Hello, plant enthusiasts! It's April from Unsolicited Plant Talks, and today we're diving into the world of Hoya latifolia (formerly known as polystachya or tjadamalangensis).
This post is part of my Show and Tell series, where I'll explore different plants, their care requirements, and any interesting tidbits that might help you in your plant journey. If you want the full, unsolicited version, watch the video here:
Hoya latifolia is a plant that I've had for a while, but it recently caught my attention due to its fullness of peduncles and sheer amount of blooming. It's a beautiful example of how mature plants can look and a testament to the joy of plant growth.
A Bit of Hoya History: What's With All the Name Changes?
Since 2019, there has been a boom in the collection of Hoyas. This surge of interest has led to a deeper exploration of these plants' origins, their discoverers, and their native habitats. However, this increased scrutiny has also revealed that many Hoyas in circulation have been incorrectly identified.
For instance, some Hoyas previously known as other species are now correctly identified as Hoya latifolia. Examples include Hoya macrophylla and species "Sarawak," which are actually types of Hoya latifolia. This reclassification is not a republishing under a different name, but rather a correction of previous misidentifications.
Why I Love Hoya latifolia
This Hoya latifolia is a plant that has been thriving under my care for about three to four years. One of its most striking features is its cluster of peduncles, which bloom profusely. The flowers are a unique yellow-green color, a hue not commonly seen in other Hoyas.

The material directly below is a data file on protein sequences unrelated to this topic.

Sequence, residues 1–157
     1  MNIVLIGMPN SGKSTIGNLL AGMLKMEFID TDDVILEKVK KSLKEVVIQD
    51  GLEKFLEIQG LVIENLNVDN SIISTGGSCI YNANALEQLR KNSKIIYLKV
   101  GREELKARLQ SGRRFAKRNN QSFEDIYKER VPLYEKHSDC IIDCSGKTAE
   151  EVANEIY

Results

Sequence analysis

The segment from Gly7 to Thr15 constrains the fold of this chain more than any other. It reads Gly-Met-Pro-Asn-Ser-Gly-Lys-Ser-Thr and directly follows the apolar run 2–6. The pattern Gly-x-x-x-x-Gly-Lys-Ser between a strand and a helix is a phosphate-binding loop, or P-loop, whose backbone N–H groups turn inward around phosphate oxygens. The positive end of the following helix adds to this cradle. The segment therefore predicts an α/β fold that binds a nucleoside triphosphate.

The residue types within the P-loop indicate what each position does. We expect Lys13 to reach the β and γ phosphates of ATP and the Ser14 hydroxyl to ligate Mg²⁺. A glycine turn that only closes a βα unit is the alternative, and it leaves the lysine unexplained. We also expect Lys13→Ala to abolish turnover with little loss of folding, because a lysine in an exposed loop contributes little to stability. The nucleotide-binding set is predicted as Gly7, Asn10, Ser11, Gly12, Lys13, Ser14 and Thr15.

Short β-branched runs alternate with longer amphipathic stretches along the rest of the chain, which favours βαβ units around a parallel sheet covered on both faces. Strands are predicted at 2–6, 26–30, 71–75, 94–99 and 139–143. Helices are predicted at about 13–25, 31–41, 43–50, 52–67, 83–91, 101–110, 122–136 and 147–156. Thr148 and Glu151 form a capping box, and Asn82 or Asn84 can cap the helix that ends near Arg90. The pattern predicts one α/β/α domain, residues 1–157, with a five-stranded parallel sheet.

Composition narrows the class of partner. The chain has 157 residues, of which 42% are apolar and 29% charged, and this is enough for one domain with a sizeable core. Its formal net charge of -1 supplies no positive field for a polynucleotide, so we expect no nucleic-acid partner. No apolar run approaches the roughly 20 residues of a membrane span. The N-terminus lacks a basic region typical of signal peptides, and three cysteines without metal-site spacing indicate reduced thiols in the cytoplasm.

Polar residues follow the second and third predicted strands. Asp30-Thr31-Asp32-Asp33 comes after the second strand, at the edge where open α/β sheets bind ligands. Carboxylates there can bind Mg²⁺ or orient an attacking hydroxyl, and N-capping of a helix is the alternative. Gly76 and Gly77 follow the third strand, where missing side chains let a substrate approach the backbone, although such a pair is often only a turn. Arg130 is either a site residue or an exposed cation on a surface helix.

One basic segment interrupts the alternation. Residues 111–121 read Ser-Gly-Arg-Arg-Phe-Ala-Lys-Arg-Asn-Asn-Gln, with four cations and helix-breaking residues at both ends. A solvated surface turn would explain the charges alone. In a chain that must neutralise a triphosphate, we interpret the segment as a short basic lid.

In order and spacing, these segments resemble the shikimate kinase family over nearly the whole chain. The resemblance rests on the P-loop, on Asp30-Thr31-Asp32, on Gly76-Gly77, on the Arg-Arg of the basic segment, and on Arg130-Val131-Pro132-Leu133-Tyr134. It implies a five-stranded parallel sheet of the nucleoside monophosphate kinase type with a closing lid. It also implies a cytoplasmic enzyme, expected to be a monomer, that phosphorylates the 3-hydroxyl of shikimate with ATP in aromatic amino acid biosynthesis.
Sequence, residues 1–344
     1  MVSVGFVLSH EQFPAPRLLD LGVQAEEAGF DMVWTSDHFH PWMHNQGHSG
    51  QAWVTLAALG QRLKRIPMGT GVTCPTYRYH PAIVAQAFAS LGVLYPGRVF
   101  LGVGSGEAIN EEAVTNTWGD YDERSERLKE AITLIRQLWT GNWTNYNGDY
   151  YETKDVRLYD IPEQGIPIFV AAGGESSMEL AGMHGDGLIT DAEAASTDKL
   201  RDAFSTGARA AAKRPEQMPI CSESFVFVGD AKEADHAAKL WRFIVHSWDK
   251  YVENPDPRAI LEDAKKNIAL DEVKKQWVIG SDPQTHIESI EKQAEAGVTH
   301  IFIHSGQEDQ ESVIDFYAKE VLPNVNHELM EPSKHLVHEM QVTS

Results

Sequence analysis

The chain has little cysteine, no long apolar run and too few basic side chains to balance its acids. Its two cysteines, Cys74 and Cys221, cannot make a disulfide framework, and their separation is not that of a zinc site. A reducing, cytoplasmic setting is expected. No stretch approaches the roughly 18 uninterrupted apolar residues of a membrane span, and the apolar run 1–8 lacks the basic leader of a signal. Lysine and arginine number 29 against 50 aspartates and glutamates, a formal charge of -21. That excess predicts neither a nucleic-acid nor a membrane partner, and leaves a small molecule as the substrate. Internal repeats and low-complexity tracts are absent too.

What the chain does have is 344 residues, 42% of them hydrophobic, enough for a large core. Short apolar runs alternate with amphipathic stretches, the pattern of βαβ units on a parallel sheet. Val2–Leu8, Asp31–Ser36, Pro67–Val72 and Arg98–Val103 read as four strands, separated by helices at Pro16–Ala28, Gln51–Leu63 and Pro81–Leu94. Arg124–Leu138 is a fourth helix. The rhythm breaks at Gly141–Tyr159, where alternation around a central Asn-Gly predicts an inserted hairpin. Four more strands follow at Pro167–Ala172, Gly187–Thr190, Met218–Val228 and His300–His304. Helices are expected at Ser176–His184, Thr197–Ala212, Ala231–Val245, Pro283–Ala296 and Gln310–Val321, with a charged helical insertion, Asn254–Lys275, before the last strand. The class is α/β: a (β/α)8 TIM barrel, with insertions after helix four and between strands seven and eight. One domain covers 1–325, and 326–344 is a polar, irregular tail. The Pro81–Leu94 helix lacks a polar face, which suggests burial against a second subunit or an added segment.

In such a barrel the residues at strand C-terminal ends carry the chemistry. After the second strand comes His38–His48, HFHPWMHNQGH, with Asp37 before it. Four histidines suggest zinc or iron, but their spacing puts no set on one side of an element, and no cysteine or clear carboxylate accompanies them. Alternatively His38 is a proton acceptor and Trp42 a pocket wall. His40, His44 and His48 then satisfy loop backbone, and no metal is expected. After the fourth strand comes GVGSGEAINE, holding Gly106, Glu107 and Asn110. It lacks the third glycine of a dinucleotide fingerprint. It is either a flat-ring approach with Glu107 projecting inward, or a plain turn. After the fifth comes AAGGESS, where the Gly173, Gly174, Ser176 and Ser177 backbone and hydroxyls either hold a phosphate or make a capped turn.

The plant also has a unique characteristic of producing multiple peduncles from one node, indicating its maturity and long blooming history. This feature is shared with other latifolia varieties, such as Hoya macrophylla.
The Sooty Side of Hoya latifolia
One aspect of Hoya latifolia that might cause concern for new plant owners is the presence of a black powdery substance, known as soot, on the peduncles. However, this soot is not always a sign of pests, at is may be for other varieties. In the case of Hoya latifolia, the soot is a byproduct of the nectar itself and a specific fungus that feeds on it. While it might not be aesthetically pleasing, it doesn't hinder the plant's growth or health, and an occasional clean can't hurt either.
Caring for Hoya latifolia
Hoya latifolia is a forgiving plant, tolerating periods of drought and thriving in both bright and hot environments. In brighter conditions, the leaves tend to be smaller and thicker, a mechanism for water retention (pictured above). Additionally, bright light exposure results in a beautiful coloration on the leaves, a sign of the plant's adaptation to a brighter, warmer environment - kind of like getting a tan.
However, if you prefer larger, darker green leaves, growing the plant in a lower light environment will achieve this. The plant will produce larger leaves to capture as much light as possible for photosynthesis.
Propagating Hoya latifolia
When it comes to propagation, Hoya latifolia, and other cultivars with woody stems, can be a bit challenging, since roots need time to break through the tougher stem. However, with patience and the right techniques, successful propagation is achievable. Here are my tips and tricks for faster rooting:
- Create small wounds or scores on the stem before dipping it into a rooting powder. This provides more openings for roots to emerge. However, this method should be used with caution, as it increases the risk of bacterial infection and rot.
- Reduce leaves, or the leaf size, on the cutting. This allows the plant to focus more energy on root production rather than maintaining the leaves.
Hoya latifolia, with its unique features and easy care requirements, is a great addition to any plant collection. Whether you're a seasoned plant parent or a newbie, this plant is sure to bring joy and beauty to your space.
Remember, the world of plants is vast and there's always something new to learn. So, if you have any tips or experiences to share, feel free to comment on our social media. Happy planting!